The northern country was the more powerful one by far, but it was conquered by the Assyrians, leaving Judah as the sole practitioner of the worship of Yahweh. Even after being taken over by the Babylonians, its inhabitants maintained their Jewish identity. The notion of the Ten Lost Tribes became an important one in folklore, with inhabitants of just about every country claiming to be their descendants.

The number ten was arrived at by subtracting the tribes of Judah and Benjamin, which formed the nation of Judah. This is supported by the text of 1 Kings 11:31, but I don’t think it could have been accurate. Reuben and Simeon were also in the south, and presumably no longer existed as political units at this point. So at the most, we’d be looking at a lost EIGHT tribes. These tribes probably actually assimilated into Assyrian culture, although the Samaritans who lived in the area claimed that theirs was the true form of the religion of Moses. The rulers of the Kingdom of Israel were from the tribe of Ephraim, and the Deuteronomistic History doesn’t have much good to say about them. The redactors of the story couldn’t very well significantly alter the Joseph tale, which would presumably have been well-known; but they could add in references to make Judah more prominent. Jacob and all his sons settling in Egypt could also have been an attempt to tie together two traditions, in this case that of Jacob as patriarch of Israel and the Exodus story. All of the tribes being descended from the same guy would have been propaganda to promote the idea of a unified nation made up of all twelve tribal territories. It’s probably more likely that the tribes were originally separate units that were eventually brought together by a central government in order to best stand against threats. For that matter, I’ve seen doubt cast on the idea that Saul, David, and Solomon really ruled a union of all twelve tribes, this instead being a hopeful view for a future in which the House of David would rule over the entire territory.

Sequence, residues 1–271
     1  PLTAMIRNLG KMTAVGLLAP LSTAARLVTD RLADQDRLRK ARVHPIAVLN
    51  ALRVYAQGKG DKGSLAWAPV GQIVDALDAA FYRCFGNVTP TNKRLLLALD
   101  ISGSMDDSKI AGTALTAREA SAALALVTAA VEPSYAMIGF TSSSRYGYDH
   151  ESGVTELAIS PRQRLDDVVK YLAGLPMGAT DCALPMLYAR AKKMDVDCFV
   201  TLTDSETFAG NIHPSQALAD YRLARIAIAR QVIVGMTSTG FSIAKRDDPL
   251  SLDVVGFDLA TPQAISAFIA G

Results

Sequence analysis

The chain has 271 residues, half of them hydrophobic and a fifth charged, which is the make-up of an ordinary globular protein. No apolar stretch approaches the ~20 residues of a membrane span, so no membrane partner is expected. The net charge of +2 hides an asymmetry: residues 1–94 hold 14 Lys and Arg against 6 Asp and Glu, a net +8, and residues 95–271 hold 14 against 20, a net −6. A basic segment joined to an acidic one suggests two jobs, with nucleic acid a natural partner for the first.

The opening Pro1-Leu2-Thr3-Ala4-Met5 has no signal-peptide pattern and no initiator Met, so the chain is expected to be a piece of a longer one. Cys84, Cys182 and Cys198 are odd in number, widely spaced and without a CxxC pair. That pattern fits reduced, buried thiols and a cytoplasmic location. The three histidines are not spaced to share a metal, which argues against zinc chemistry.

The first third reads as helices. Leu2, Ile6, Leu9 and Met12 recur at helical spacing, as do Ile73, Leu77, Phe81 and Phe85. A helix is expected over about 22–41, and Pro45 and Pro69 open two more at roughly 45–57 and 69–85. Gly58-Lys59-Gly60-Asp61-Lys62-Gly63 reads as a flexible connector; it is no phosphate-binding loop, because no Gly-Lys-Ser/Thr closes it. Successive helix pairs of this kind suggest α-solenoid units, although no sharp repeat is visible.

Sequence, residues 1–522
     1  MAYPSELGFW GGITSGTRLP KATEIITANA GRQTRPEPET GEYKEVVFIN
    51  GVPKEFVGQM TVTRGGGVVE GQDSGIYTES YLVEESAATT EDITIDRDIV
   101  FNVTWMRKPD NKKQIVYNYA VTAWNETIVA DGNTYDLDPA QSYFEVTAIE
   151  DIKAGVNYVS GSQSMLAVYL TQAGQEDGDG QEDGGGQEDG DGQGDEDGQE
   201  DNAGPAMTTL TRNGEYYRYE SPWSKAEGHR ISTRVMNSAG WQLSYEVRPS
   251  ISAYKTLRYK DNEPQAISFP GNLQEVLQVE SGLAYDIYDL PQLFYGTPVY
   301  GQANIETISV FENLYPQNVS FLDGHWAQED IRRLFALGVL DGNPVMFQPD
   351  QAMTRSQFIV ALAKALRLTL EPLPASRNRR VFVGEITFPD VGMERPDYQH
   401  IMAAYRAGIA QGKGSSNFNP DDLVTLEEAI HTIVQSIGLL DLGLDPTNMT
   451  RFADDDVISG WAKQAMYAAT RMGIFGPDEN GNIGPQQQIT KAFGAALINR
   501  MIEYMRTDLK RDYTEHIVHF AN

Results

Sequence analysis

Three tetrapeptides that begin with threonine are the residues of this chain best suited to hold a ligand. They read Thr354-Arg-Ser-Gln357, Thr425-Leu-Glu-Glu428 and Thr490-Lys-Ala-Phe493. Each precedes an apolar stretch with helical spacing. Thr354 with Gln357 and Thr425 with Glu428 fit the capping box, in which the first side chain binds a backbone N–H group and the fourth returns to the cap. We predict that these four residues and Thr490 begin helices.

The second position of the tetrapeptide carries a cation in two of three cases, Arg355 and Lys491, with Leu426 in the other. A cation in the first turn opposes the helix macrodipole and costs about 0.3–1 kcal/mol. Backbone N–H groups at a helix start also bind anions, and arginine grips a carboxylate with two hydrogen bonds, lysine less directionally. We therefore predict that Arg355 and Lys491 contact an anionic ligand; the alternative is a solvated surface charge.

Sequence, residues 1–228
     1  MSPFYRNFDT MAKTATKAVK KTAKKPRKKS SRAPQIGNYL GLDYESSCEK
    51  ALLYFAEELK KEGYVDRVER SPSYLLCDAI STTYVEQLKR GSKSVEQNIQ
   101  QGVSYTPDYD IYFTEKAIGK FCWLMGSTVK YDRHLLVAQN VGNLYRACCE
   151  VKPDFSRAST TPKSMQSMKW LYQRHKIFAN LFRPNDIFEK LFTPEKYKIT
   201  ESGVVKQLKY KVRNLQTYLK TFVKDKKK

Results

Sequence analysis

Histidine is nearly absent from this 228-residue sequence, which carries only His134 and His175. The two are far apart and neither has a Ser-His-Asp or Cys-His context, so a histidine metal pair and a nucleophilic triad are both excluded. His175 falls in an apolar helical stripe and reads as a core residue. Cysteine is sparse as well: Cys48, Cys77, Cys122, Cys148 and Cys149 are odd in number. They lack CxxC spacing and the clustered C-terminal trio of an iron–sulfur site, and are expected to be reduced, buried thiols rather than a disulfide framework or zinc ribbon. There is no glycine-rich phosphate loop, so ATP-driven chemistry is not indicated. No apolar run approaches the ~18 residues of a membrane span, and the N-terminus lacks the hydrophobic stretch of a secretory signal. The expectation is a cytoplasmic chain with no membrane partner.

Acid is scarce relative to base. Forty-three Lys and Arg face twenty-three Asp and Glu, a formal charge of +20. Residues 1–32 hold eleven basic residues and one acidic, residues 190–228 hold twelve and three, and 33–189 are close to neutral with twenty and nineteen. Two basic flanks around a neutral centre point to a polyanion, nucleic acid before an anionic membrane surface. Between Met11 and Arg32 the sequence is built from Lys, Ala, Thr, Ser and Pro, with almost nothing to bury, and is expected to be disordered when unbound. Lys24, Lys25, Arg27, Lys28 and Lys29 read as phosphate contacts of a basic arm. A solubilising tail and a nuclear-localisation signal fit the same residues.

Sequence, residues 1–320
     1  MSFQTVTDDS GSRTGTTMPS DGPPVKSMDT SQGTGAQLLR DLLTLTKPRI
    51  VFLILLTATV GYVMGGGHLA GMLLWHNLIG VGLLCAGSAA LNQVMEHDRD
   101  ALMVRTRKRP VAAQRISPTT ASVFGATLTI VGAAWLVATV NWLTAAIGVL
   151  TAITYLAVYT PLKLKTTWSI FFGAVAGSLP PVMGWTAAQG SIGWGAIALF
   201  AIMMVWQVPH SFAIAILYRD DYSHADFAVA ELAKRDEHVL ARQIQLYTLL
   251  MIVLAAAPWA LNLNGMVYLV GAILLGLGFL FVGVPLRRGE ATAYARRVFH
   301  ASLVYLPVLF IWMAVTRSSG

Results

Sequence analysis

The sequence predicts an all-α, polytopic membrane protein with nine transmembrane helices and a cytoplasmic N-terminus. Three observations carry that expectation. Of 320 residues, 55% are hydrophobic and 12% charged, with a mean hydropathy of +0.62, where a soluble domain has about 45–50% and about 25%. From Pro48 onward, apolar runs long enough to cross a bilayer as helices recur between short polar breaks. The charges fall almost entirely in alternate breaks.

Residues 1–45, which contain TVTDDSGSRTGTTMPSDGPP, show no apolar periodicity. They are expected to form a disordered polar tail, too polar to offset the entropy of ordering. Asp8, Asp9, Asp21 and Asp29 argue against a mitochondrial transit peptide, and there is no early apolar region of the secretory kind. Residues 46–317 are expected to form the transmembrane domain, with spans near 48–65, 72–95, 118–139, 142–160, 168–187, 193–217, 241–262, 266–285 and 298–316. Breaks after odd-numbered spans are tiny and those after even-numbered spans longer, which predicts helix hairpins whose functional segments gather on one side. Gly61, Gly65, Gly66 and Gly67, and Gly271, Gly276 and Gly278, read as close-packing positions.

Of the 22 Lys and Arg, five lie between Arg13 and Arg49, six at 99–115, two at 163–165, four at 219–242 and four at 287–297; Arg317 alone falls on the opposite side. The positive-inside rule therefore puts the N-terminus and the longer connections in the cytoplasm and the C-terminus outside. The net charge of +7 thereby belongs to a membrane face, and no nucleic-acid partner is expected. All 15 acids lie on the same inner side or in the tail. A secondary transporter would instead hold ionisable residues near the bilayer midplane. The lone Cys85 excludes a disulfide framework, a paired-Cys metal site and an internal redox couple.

I read some books before that suggested the tribe of Dan might have been displaced Greeks. It’s certainly not impossible, as the Sea Peoples who invaded Egypt and the Levant are often thought to be at least partially Greek in origin. Mentions of Dan in the Bible pretty much always associate it with ships and seafaring. Samson, who is said to be a Danite, has a story like those of Greek heroes, and hangs around with the Philistines. The land of Dan is said to have originally been adjacent to Philistia, although the tribe would later relocate to the far north of Israel. The problem is that, at least as presented in what I read, one of the main pieces of evidence was the similarity of the name Dan to that of the Danaans or Danaoi. The myth behind this group is that Danaus, brother of the King of Egypt, became king in the Greek city of Argos. The name later came to refer to the Greeks in general, and one of the groups of Sea Peoples are the Denyen. Really, though, is this one syllable enough to draw a connection? By the same rationale, you could say that the tribe of Dan is related to the Tuatha De Danann of Celtic mythology. And sure enough, there’s a theory that the Danites eventually did settle Ireland. These “Dan” connections can be readily found on the Internet, but I don’t know of any actual historians putting much stock in them.

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3 Responses to A Shekel a Dozen